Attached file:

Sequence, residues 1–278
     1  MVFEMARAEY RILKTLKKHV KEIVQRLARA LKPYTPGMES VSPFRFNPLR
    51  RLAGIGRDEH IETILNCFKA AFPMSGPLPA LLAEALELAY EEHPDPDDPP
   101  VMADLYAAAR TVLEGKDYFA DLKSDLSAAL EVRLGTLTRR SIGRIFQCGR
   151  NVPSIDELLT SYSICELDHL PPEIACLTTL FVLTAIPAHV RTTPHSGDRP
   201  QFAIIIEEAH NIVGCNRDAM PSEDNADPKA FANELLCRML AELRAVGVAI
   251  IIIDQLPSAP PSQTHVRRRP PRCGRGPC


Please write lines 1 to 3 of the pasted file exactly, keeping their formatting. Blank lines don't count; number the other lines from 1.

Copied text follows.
Sequence, residues 1–278
     1  MVFEMARAEY RILKTLKKHV KEIVQRLARA LKPYTPGMES VSPFRFNPLR
    51  RLAGIGRDEH IETILNCFKA AFPMSGPLPA LLAEALELAY EEHPDPDDPP